At The Movies: When You’re Strange: A Film About The Doors Review
When’s it out?
When You’re Strange is currently on limited release throughout the UK, and arrives on DVD and Blu-Ray on August 30th.
Who’s in it?
Jim Morrison, Ray Manzarek, Robby Krieger, John Densmore. Narration by Johnny Depp.
What’s it about?
It’s a chronological documentary charting the entire career of cult American blues-rock outfit The Doors. The film begins with the group’s formation, and ends at the point of lead singer Jim Morrison’s death. Comprised of nothing but archive footage (some of it never before seen) the film will surely keep fans happy with its fresh exclusive material, along with its focus on some of the band’s more infamous moments, but in many ways this works best as a game-changer for anyone who’s never understood what all the fuss was about.
What’s it like?
A dreamy and fascinating stream-of-consciousness collage.
Star of the show?
Somewhat inevitably, Jim Morrison.
The duration. When You’re Strange runs for an astonishingly taut ninety minutes, and director Tom DiCillo comes across as an impeccable craftsman of genuine taste and tact. Though afterwards you’ll surely be tempted to investigate further if you were previously unfamiliar with the band’s music, as a document of the group and their insurgent ethos, as well as of the shifting cultural landscape which they helped to form a fundamental part of, the film feels very close to definitive.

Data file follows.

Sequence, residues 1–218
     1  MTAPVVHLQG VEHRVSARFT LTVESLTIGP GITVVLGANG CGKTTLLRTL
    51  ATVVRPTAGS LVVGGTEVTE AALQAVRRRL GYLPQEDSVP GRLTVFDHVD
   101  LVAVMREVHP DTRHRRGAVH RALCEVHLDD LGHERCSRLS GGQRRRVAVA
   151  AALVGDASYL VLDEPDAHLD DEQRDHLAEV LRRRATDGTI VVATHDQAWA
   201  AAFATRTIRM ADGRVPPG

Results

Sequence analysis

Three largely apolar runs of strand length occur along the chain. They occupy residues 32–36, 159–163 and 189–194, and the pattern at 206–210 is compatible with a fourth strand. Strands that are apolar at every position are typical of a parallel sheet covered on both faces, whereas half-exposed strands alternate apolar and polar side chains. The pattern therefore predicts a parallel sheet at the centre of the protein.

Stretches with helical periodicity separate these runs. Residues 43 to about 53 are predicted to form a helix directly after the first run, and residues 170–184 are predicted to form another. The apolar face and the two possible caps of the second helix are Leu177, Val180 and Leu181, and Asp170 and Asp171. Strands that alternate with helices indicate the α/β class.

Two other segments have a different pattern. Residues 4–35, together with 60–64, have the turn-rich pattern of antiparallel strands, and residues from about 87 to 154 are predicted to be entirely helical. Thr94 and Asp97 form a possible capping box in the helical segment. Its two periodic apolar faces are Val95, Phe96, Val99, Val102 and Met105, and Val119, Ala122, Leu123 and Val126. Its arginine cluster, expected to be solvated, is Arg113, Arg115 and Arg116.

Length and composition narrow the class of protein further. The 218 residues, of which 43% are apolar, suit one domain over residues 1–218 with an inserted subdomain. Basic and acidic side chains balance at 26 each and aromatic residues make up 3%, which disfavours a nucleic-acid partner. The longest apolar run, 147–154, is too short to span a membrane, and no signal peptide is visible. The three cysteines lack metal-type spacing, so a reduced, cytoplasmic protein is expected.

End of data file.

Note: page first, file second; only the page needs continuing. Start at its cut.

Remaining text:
Jim Morrison’s introduction. Despite appearing in the opening few minutes in some bewitching footage of a sparse, abandoned student road movie, when Morrison joins the rest of the band at an airport as they introduce themselves to a waiting news crew, his response to being asked about his occupation somehow manages to encapsulate his enchanting persona in a brilliantly chosen split second. Even those who’ve never understood the Lizard King’s perennial appeal will be instantaneously won over.
Completely bereft of distracting retrospective interviews, the film is as much about the band as it is about that particular period in American history, and feels very much like the work of British Rock-doc supremo Julian Temple; and for a film of this kind, praise doesn’t come any higher. It also sets a few moments aside to debunk a handful of persistent myths, like the fact that arguably the band’s best known song, Light My Fire, wasn’t written by Jim Morrison but by lead guitarist Robby Krieger. Dense with candid studio footage and live performances, it offers a valuable glimpse into both a seminal band, and one of the the most important cultural revolutions of the past century.
Hit or miss?
A hit. Regardless of whether you’re a fan of the band or not.
Watch The Door’s When you’re strange trailer here…